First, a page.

Any kind of investing involves a level of risk, and early-stage companies are no exception. A very high proportion of early-stage businesses fail. We have therefore described below, in more detail, some of the potential risks in investing in early-stage businesses. You should note that the risks described below are not intended to be exhaustive. We ask you to take time to carefully familiarise yourself with each of the risks and to properly assess whether investing in such early-stage companies is appropriate in your particular circumstances.
Capitalised terms used herein have the meaning set out in the Platform Terms and Conditions and the Marketplace Rules (the “Marketplace Rules”), unless the context requires otherwise.
Date: 30 June 2021
You should seek independent professional advice if you do not fully understand the risks of or services related to investing through the Fundy Markets platform (the “Platform”), which comprises funding platforms (the “Funding Platform”) operated by different authorised service provides within the Fundy Group and a trading platform (the “Marketplace”) operated by Fundy Markets Pte. Ltd. in Singapore.
Generally, investments made through the Platform are not made in or accompanied by a prospectus that is lodged with or registered by a regulatory authority, and therefore statutory liability in relation to the content of prospectuses would not apply. Although information is provided over the Platform, you should also note that there is no strict statutory obligation for Issuers or offerors to provide you with information that one may reasonably require to make informed assessments of such offers.
Most of the companies raising funds through, or listed on, the Platform are early-stage, small- or medium-size companies. Investing in early-stage companies comes with a number of significant risks as there is no certainty whether an early-stage company you invest in will succeed to the point where your investment is returned, or you receive any return on your investment. The reality is, most early-stage companies fail and even those that achieve success will frequently not be in a position to provide returns to investors. Small and medium-sized companies also face a range of business risks. Therefore, investing in these companies may involve a number of significant risks and challenges mainly due to both the low probability of such companies eventually succeeding and/or being able to return any value to investors, and the general low liquidity of the investments in these companies.
You should NOT invest in the securities offered on the Platform unless you fully understand the risks and potential consequences, including the potential of losing all of your principal investment, and you are prepared to take such risks and able to bear such consequences. You should carefully consider whether investment is suitable for you in light of your knowledge and experience in financial and business matters, investment objectives, financial means and the risks that you are prepared to take and the losses you are able to absorb. You should also only invest in these types of securities as part of a well-diversified portfolio and ensure that your investable capital is spread across a number of assets and businesses, and not too highly-concentrated in a small number of companies or businesses.
We have listed below some of the risks that you should consider and be aware of before making any investment through the Platform. However, this list is not intended to be an exhaustive or comprehensive description of all relevant risks. You should regularly review information on the Issuer, the investment made and the market developments that is available on our Platform and other public sites, and, as required, seek professional advice, to ensure that any investments made and held through the Platform remain suitable for you in your particular circumstances.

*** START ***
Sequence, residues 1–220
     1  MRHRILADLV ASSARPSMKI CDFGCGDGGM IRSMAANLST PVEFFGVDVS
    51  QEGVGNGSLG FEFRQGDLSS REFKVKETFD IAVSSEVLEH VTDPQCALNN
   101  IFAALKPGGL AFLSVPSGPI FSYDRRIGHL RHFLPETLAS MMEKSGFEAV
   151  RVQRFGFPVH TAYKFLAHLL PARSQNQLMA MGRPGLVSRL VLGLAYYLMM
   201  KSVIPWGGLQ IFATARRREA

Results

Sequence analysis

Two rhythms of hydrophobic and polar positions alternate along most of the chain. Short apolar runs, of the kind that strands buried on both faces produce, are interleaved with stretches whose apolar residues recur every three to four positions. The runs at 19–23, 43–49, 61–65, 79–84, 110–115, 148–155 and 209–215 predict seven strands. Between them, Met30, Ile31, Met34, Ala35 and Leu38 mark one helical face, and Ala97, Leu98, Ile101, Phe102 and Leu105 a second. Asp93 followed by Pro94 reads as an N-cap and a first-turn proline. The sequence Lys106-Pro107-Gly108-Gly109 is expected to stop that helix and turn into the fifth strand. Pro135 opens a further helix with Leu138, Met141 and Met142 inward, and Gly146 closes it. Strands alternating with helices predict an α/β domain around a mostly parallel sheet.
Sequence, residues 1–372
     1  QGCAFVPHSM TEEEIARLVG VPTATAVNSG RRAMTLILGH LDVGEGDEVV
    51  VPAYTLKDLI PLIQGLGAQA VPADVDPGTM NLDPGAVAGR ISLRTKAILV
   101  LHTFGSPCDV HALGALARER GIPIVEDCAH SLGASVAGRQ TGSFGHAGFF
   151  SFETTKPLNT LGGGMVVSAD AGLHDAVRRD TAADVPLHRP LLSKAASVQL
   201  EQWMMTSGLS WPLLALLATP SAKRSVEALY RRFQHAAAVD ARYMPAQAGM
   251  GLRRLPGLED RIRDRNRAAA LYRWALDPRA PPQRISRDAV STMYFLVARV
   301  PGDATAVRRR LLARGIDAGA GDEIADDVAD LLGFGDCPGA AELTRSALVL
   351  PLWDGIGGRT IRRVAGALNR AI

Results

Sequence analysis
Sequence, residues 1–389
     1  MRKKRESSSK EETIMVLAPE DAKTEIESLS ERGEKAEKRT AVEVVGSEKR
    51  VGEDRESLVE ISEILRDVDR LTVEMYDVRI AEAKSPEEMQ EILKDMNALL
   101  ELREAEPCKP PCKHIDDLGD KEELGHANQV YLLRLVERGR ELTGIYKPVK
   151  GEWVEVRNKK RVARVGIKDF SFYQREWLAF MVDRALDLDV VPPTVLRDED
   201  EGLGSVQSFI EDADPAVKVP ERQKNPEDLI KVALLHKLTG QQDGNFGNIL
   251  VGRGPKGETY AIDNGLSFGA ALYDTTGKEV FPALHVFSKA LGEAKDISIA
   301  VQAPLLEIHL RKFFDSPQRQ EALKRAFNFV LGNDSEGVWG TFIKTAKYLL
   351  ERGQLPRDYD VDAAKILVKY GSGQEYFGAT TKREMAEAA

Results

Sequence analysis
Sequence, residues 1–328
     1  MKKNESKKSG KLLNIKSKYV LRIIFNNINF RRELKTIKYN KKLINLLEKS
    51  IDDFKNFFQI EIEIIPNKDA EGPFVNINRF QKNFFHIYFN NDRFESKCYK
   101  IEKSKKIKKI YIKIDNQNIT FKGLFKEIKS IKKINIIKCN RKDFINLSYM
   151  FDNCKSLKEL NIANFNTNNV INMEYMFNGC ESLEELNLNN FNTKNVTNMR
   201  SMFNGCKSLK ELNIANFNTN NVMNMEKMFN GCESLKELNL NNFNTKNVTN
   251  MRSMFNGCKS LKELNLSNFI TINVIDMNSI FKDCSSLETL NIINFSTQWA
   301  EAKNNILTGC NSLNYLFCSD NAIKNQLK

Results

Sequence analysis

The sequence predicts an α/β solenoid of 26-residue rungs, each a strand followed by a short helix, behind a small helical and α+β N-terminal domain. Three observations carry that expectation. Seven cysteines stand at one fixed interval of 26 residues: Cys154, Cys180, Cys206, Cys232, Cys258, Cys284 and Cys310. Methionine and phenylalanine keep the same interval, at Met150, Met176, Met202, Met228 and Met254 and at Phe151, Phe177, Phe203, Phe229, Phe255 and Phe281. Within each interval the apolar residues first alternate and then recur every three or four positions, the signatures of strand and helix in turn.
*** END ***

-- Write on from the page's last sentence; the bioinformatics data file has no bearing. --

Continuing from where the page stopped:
The biggest financial risk to an investor is losing the entire investment. Investments available through the Platform include securities of early-stage companies or companies without a proven track record (or any track record at all). The risk of business failure is high. Most of the early-stage businesses are also at the risk of barely surviving with no profits or growth in the immediate years following your investment. In such cases, it is highly likely that you may lose your principal investment completely. Even if a company does become profitable, it is not guaranteed that your initial investment will be returned or you will receive a return on your investment as such returns are highly variable. You should be aware that any returns you could potentially receive might not cover your initial investment and may also be inconsistent in amount and frequency.
Loss of investment may stem from general risks as well as business-related risks. General risks can include (but are not limited to) geographical risks, political risks, legislative risk, and economic risk. Business risks include: risks arising from fluctuations in market demand for the products or services offered by the early-stage company; industry risk (meaning, risks inherent to the business area in which the company operates); competition risk (including, for example, the risk that a competitor is not only in the same area but better able to service customers or suppliers in that area); growth risk (for example, that the company grows too quickly versus business demand for its products or services, or that it is unable to grow to a level required in order to be successful) ; employee risk (for example, that key employees required for the business cannot be recruited or retained); fraud risk; and revenue risk (such risks vary from company to company, but include risks that may prevent revenue being realised such as the costs of new product launches or research and development costs, which cannot always be accurately budgeted).